For the duration of the conference, the team also connected 77 Cisco TelePresence rooms located at Cisco offices around the world, as well as traditional video conferencing units at 23 Danish embassies. With over 100 "virtual rooms" available at the COP15 conference, travel replacement was at last a reality.
In addition, Cisco installed a single-screen unit in a small presentation theater located in the main conference hall. The UNFCCC created a rich program of key discussion topics, enabling experts from all around the world to interact with delegates and attendees in Copenhagen.
"Cisco was honored and thrilled to be the technology partner for such a prominent global event," says Marthin De Beer, senior vice president of the Cisco Emerging Technologies Business Group. "For Cisco, it fits perfectly with our focus on doing what's best for our planet. When you factor in the enhanced interaction and accelerated decision-making that's possible through Cisco TelePresence, we see concrete benefits for intra-government and inter-government communications at the highest levels."
"The network performed flawlessly," says Olling, noting that attendance exceeded 18,000 participants. "And Cisco TelePresence also exceeded expectations. The expressions `nothing like putting a face to it' and `seeing eye-to-eye' convey just some of the advantages of life-size streaming video with zero latency. Negotiations were extended not only by geography and time, but also by expanded cultural understanding."
In total, officials, chief negotiators, nongovernmental environmental agencies, and media logged over 250 hours during 149 meetings on the GCCMP. UN officials spoke regularly with heads of state. Roundtable programs on various topics enabled climate change experts to exchange ideas together in one forum, from dozens of countries scattered across the globe, with representation from government and nongovernment agencies, and the nonprofit, educational, and private sectors.
Government ministers and UN officials frequently used the Cisco TelePresence platform to conduct media briefings with press in their home countries, giving journalists the feeling that they were speaking face-to-face with officials. The GCCMP facilitated press conferences between Copenhagen, the Czech Republic, Hungary, South Korea and Thailand. Journalists at the Royal Danish embassy in Kathmandu used a high-definition video-conferencing unit to participate in a press briefing - an innovative example of interoperability.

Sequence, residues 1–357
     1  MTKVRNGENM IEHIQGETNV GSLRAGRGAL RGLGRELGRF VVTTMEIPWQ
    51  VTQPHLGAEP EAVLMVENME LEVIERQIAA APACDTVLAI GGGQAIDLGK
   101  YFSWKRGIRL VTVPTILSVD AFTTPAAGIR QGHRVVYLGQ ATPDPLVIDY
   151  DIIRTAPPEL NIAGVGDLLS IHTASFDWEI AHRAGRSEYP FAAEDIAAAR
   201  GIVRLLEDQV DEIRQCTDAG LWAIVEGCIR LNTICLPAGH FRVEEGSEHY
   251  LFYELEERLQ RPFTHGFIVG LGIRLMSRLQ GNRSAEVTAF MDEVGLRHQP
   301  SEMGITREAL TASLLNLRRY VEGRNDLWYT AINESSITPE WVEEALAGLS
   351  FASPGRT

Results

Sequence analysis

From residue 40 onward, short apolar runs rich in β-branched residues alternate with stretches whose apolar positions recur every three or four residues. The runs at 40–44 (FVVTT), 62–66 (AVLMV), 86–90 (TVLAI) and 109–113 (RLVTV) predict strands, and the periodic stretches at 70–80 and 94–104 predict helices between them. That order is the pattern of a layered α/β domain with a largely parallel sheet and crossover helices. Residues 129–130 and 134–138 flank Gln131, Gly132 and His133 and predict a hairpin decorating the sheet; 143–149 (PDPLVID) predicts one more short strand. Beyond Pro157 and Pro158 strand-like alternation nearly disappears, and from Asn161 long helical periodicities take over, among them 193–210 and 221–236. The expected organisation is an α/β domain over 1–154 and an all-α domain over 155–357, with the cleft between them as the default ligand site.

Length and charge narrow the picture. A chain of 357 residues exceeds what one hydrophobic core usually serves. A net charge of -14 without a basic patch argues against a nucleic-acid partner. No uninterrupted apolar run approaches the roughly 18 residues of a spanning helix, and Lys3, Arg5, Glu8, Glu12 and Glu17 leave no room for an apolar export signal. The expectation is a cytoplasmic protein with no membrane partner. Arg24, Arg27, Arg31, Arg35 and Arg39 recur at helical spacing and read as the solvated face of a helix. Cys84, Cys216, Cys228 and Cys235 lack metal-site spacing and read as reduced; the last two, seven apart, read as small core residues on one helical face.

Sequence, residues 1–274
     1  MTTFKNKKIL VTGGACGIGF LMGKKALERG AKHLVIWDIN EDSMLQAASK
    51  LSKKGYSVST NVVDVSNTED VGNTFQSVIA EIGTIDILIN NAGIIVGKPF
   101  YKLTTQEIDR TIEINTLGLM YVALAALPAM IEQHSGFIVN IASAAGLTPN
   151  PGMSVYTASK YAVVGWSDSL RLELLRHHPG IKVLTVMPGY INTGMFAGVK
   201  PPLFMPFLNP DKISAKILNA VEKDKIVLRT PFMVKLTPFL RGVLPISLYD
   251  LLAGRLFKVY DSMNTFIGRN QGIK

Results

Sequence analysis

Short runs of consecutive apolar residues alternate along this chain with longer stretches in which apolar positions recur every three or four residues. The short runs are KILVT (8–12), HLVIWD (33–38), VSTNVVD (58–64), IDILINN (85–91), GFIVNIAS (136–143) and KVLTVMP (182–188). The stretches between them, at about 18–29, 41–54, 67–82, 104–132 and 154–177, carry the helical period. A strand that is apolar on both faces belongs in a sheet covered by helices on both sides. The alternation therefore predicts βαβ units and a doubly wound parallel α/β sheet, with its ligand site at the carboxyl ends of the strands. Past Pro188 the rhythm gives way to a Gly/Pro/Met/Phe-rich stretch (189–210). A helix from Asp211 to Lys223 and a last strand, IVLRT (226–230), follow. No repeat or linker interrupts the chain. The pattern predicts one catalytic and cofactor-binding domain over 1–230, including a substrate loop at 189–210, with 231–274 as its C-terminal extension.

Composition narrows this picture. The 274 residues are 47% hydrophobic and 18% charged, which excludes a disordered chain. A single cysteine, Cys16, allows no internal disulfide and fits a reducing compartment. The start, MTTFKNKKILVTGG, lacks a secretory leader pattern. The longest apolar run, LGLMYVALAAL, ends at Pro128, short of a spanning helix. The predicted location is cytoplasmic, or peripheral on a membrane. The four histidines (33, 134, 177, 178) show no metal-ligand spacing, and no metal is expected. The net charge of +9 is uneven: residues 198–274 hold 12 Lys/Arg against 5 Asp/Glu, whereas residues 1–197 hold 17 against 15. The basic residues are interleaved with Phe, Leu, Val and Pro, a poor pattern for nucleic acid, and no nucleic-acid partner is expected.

The GCCMP is expanding to include even more accredited parties to a UN Climate Change Conference such as COP15. The possibilities to transform the way nations discuss not only climate change, but also other key global issues, such as nuclear disarmament, pandemic planning, and many international topics, are endless.
• Danish Government, COP15 Host, Ministry of Climate and Energy and Ministry of Foreign Affairs
With the successful proof of concept of Cisco TelePresence at COP15, the GCCMP is now developing into a global Community Of Interest (COIN) for the UN, governments, NGOs, IGOs and media that support inter-governmental and inter-organizational communication. It will play an even larger role at future UN climate change conferences and at other similarly large, inter-governmental events. As more and more governments connect, the concept of a borderless, level playing field based on Cisco TelePresence becomes more of a reality.